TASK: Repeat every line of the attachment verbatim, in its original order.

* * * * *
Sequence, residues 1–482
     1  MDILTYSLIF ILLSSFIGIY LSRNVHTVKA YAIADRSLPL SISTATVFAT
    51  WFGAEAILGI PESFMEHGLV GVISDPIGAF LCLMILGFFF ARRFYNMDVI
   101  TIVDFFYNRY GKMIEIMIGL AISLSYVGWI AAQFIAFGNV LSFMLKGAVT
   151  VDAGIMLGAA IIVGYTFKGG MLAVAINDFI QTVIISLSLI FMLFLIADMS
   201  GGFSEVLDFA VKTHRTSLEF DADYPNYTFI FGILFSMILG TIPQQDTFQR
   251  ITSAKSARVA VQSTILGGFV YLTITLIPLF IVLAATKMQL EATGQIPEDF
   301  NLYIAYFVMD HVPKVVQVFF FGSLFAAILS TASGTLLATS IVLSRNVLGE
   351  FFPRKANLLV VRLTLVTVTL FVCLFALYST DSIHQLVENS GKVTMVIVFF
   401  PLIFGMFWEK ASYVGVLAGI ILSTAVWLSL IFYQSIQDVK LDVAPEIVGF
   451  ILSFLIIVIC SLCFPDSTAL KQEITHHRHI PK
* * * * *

Sequence, residues 1–482
     1  MDILTYSLIF ILLSSFIGIY LSRNVHTVKA YAIADRSLPL SISTATVFAT
    51  WFGAEAILGI PESFMEHGLV GVISDPIGAF LCLMILGFFF ARRFYNMDVI
   101  TIVDFFYNRY GKMIEIMIGL AISLSYVGWI AAQFIAFGNV LSFMLKGAVT
   151  VDAGIMLGAA IIVGYTFKGG MLAVAINDFI QTVIISLSLI FMLFLIADMS
   201  GGFSEVLDFA VKTHRTSLEF DADYPNYTFI FGILFSMILG TIPQQDTFQR
   251  ITSAKSARVA VQSTILGGFV YLTITLIPLF IVLAATKMQL EATGQIPEDF
   301  NLYIAYFVMD HVPKVVQVFF FGSLFAAILS TASGTLLATS IVLSRNVLGE
   351  FFPRKANLLV VRLTLVTVTL FVCLFALYST DSIHQLVENS GKVTMVIVFF
   401  PLIFGMFWEK ASYVGVLAGI ILSTAVWLSL IFYQSIQDVK LDVAPEIVGF
   451  ILSFLIIVIC SLCFPDSTAL KQEITHHRHI PK